AB - Background: Capsicum annuum and Capsicum frutescens, also known as "chilies", belong to the Solanaceae family and have tremendous beneficial properties. The application of hairy root culture may become an alternative method for future development of these species by adding value, such as by increasing secondary metabolites and improving genetic and biochemical stability compared with normal Capsicum plants. Therefore, in this research, different types of explants of both species were infected with various Agrobacterium rhizogenes strains to provide more information about the morphology and induction efficiency of hairy roots. After 2 weeks of in vitro seed germination, young seedling explants were cut into three segments; the cotyledon, hypocotyl, and radical. Then, the explants were co-cultured with four isolated A. rhizogenes strains in Murashige & Skoog culture media (MS) containing decreasing carbenicillin disodium concentrations for one month. Results: In this experiment, thick and short hairy roots were induced at all induction sites of C. annuum while thin, elongated hairy roots appeared mostly at wound sites of C. frutescens. Overall, the hairy root induction percentages of C. frutescens were higher compared with C. annuum. Hairy root initiation was observed earliest using radicles (1st week), followed by cotyledons (2nd week), and hypocotyls (3rd week). Cotyledon explants of both species had the highest induction frequency with all strains compared with the other explants types. Strains ATCC 13333 and ATCC 15834 were the most favourable for C. frutescens while ATCC 43056 and ATCC 43057 were the most favourable for C. annuum. The interactions between the different explants and strains showed significant differences with p-values < 0.0001 in both Capsicum species. Conclusions: Both Capsicum species were amenable to A. rhizogenes infection and hairy root induction is recommended for use as an alternative explants in future plant-based studies.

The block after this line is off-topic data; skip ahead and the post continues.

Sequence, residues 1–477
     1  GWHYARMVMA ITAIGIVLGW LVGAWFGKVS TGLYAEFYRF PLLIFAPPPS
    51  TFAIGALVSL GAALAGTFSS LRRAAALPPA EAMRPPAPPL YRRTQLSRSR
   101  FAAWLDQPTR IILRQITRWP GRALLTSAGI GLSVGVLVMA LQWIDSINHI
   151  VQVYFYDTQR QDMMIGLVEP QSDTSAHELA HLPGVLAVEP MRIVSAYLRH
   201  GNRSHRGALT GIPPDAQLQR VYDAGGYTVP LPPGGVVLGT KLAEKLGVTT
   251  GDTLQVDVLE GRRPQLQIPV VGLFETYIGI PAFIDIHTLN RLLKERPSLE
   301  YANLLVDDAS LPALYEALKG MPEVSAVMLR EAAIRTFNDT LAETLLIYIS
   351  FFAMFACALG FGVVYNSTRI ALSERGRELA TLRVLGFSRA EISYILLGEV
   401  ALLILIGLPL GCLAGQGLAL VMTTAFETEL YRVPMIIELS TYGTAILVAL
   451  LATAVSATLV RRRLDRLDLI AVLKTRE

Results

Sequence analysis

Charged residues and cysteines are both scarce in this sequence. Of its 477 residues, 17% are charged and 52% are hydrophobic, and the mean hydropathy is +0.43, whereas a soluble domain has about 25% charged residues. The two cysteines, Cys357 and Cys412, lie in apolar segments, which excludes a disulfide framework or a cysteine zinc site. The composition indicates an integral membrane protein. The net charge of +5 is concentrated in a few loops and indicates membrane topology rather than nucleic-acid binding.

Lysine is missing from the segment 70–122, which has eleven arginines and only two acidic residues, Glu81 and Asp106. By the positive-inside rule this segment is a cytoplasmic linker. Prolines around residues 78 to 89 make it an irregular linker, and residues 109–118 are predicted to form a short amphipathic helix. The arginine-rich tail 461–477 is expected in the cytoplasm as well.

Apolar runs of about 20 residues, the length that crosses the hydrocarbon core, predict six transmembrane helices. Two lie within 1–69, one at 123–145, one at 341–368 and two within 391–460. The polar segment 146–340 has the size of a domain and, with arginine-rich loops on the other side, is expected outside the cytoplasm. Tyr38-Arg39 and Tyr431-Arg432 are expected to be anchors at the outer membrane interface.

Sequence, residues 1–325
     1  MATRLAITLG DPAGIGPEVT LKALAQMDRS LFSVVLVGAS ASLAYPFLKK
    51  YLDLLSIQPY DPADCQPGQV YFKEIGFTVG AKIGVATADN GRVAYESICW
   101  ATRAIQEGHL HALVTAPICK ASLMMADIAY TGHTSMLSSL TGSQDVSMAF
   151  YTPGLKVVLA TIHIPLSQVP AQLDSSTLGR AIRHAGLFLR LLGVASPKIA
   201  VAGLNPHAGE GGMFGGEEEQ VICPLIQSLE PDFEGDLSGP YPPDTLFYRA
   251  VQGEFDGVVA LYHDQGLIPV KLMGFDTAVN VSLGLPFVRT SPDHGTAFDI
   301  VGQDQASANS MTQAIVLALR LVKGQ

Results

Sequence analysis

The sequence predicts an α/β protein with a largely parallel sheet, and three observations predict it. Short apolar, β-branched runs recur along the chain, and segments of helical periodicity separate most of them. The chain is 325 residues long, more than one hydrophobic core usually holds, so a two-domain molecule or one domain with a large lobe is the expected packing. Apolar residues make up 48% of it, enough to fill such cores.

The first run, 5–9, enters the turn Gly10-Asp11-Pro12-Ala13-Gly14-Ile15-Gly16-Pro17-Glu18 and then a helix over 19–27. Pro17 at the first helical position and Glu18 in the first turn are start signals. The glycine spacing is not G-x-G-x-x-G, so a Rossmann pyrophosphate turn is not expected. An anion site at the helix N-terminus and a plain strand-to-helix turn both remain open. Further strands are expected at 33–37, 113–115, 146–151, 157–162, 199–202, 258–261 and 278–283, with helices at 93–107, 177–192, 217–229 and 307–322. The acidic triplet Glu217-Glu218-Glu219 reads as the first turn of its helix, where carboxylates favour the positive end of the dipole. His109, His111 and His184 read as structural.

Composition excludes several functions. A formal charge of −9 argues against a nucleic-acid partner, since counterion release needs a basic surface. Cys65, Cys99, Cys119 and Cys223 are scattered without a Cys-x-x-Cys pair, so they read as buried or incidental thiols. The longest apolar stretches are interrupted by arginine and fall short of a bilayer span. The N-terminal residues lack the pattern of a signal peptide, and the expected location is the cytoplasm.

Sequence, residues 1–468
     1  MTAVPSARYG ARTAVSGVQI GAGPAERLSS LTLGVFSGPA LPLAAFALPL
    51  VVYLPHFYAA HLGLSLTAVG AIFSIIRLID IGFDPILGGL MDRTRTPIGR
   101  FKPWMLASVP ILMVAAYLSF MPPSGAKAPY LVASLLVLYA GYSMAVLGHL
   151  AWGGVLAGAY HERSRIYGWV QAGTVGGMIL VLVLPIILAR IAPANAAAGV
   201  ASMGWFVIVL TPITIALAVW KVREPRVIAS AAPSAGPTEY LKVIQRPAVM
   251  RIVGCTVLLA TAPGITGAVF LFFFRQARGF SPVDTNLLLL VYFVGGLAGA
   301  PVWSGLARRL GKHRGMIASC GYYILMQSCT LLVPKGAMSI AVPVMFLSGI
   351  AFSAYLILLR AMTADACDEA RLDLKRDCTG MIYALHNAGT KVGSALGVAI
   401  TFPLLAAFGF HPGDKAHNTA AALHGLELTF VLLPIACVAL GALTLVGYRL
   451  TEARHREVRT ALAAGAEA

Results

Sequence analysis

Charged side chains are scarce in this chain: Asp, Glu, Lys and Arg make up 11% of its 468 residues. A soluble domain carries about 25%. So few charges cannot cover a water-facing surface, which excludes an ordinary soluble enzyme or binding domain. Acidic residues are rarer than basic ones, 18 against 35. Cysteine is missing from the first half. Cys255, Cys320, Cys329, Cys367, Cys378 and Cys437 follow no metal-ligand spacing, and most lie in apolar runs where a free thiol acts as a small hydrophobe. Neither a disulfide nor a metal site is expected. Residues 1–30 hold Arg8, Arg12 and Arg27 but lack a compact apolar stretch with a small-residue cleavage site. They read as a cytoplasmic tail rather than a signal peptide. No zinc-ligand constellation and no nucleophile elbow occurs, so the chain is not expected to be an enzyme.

KW - Agrobacterium rhizogenes

KW - Capsicum annuum

KW - Capsicum frutescens

KW - Explant type

KW - Hairy root culture

KW - Hairy root induction